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Implications of Roman Ancestor Worship

by Frederick LeMaster

In ancient Rome, life was hard and death was constantly around the corner. Rather than live in fear of the inevitable, Romans incorporated the dead into their normal lives. An important aspect of Romanitas was the ability to show proper respect to the ancestors and to be able to take care of both the living and the dead members of one's family. If one didn't have respectable ancestors, achievement of sufficient status so as to be able to be a respectable ancestor for one's children became a top priority. (1)

One's ancestors could be a symbol of status not just in the obvious sense of lending you a famous name or a nice estate, but just by virtue of being remembered. In ancient times the dead were honored by funerary portraits, created from death masks. These were known as imagines and were an exclusive privilege of the patrician class of roman society. Plebians were denied the rights to have such portraits commissioned and this right was something that was very much desired. Possession of imagines was one way to say, "Hey my family is worth something, look how respectable our fore bearers were."

Roman funerals were large affairs in which the whole family would gather together to escort the body to its final resting place. Family members, especially the women, were expected to be distraught with grief, but if the available grievers were lacking, their numbers could be supplemented by professional mourners. Depending on the wishes of the deceased, the body would either be sealed in the tomb at the end of the procession, or the procession would culminate in a the immolation of the body upon a funeral pyre. The duty of collecting the ashes often fell to the wife, or other close female relative. (2) Grave goods were sometimes provided to the deceased but there doesn't seem to be a significant emphasis on this, especially during the republican and later periods.

Numerous public holidays served to honor Rome's dearly departed. The most elaborate was known as Parentalia, coming from the same root that eventually gives us the English word parents, and was celebrated between February 13 -21. This celebration kicked off with a general Feast of the ancestors, where families would gather around tombs of prominent relatives to have a meal in remembrance of the lost members. (3) Some upscale mausoleums included kitchens for this and other graveside culinary events. (4) Paying proper respect to the ancestors carried such importance that all temples were closed during this period. Senators also refrained from wearing their Togae Praetexta, symbolizing that family was more important than current political stature. Parentalia, culminated in a ceremony called Feralia where dues were delivered to the dead publicly. According to Ovid, popular offerings included garlands, salt, and violets. The march to the tombs on this day echoed the initial funerary procession and busts or family imagines would be displayed at this time as well.(5)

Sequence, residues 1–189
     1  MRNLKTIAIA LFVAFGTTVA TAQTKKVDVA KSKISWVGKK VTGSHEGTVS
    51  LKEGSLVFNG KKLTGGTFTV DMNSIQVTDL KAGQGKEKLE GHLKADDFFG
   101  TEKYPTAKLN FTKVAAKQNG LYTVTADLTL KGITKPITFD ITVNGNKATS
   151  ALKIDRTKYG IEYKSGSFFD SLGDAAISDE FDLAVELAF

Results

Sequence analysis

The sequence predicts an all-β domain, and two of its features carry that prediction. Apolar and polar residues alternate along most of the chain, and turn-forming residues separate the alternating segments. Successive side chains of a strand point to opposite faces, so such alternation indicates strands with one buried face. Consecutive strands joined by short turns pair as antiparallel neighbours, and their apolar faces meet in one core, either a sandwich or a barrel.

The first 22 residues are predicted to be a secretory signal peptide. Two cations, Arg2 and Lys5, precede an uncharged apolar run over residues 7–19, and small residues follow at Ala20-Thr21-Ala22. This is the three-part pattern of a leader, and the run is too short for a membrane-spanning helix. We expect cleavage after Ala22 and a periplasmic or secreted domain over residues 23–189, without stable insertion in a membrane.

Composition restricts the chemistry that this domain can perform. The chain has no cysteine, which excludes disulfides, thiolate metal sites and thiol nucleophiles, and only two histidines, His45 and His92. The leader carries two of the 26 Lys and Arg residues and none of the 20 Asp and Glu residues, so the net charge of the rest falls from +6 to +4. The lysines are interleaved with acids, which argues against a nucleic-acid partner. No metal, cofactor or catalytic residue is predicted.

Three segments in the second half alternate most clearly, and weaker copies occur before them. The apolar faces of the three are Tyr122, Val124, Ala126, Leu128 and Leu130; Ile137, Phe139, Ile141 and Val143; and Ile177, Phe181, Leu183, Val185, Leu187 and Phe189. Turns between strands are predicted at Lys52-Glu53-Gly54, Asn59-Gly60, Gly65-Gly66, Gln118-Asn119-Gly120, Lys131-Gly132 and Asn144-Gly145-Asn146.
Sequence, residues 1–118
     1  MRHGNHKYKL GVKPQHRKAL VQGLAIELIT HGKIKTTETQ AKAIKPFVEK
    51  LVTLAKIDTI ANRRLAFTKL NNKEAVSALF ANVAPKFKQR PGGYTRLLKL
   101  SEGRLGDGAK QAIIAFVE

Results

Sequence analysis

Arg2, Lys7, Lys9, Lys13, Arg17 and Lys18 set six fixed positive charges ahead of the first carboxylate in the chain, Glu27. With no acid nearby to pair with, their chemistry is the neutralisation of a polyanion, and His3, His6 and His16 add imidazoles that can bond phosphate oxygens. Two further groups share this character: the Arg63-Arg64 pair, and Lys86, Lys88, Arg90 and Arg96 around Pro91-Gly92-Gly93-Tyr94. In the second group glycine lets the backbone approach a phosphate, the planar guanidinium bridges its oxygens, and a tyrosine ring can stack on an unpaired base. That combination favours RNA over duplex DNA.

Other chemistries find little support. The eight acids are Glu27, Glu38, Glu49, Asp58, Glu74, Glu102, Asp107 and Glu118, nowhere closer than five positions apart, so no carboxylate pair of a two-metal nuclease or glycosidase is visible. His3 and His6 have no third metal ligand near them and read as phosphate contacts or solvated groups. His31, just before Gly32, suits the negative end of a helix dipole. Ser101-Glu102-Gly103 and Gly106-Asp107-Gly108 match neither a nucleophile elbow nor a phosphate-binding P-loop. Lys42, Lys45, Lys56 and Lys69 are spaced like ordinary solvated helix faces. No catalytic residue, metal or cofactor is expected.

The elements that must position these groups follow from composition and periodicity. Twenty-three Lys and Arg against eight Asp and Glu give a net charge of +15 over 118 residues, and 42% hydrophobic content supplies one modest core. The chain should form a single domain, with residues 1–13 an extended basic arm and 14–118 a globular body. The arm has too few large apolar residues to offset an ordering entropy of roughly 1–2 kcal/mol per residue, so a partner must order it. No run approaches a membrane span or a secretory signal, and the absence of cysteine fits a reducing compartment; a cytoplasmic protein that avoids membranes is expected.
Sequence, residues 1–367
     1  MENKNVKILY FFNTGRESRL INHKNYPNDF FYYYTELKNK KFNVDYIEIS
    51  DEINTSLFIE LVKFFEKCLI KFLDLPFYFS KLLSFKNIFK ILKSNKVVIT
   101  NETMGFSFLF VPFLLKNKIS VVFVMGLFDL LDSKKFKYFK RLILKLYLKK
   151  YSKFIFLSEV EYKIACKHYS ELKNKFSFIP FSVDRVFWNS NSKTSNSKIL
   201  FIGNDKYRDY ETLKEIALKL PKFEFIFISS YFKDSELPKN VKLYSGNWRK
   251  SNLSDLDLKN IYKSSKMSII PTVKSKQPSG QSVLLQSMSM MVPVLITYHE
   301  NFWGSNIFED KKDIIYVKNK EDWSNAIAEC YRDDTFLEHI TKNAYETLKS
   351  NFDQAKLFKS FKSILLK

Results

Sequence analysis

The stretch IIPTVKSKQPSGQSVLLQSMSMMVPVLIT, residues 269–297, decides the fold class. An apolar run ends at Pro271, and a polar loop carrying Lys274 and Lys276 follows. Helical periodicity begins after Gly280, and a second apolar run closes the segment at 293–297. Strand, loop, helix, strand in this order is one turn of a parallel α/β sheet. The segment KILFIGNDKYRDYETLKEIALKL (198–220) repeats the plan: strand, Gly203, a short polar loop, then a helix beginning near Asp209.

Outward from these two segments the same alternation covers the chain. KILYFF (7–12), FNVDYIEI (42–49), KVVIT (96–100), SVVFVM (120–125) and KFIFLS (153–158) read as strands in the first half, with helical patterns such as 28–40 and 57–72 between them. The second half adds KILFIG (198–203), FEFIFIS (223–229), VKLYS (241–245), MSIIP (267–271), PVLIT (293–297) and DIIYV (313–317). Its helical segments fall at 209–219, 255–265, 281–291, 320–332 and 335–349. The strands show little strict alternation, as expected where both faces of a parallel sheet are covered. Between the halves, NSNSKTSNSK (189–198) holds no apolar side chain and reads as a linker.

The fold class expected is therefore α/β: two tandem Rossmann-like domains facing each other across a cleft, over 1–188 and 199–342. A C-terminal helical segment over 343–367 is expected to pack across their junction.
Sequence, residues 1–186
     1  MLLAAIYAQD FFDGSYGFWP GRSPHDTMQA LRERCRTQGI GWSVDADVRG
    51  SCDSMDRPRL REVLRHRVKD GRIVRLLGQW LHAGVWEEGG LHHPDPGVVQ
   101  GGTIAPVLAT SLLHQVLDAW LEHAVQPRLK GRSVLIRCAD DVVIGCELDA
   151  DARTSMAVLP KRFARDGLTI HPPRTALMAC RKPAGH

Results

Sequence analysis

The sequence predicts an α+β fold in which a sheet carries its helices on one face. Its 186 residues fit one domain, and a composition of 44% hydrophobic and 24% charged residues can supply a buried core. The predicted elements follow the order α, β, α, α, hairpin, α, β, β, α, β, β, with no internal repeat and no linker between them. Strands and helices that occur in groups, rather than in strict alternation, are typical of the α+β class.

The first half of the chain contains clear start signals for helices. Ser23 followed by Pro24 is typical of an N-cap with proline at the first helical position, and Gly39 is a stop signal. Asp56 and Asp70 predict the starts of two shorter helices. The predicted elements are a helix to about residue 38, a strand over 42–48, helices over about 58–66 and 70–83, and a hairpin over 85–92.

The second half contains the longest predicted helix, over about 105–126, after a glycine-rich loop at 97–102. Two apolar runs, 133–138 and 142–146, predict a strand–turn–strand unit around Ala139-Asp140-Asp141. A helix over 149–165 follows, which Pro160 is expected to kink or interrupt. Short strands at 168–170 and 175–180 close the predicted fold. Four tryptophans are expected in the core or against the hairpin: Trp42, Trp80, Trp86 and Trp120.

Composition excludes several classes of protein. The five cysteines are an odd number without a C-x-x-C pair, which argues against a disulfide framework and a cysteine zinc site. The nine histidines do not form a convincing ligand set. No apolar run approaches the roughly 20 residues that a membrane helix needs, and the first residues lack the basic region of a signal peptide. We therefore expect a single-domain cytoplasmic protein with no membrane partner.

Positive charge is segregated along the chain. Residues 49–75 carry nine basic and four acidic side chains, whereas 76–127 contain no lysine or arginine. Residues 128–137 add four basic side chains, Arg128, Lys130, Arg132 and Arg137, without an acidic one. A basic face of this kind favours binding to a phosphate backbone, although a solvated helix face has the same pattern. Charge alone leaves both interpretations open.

Alas, sometimes lines die out and one is left with no descendants to look after them. What's a ghost to do? Luckily the Romans had another set of days known as the Lemuria. On the 9th, 11th, and 13th of May, kinless ghosts would invade homes and special offerings were left to appease them. In addition to seeing to the needs of less fortunate ghosts, Lemuria was time in which no marriages were performed. (6)

In an interesting mesh of symbolic irony, graveside feasts were also held on the deceased's birthday. Cleverly tying death to life, family members would convene at the honoree's grave and have a meal, with an equal portion reserved for the dead family member. The dead's share was either left upon a funerary alter known as a cella memoria, or delivered directly via a tube installed in the sarcophagus. In this way the deceased was an equal participant in the meal and still connected to the living family members. (7)

Two more days in May and June were known as Rosalia, and on these days roses were offered to the dead at their gravesites. These roses reinforced the idea of a metamorphosis of the body from one state to the next and echoed prayers such as this one which Toynbee quotes as "[we] pray that this child's ashes may become violets and roses." (8)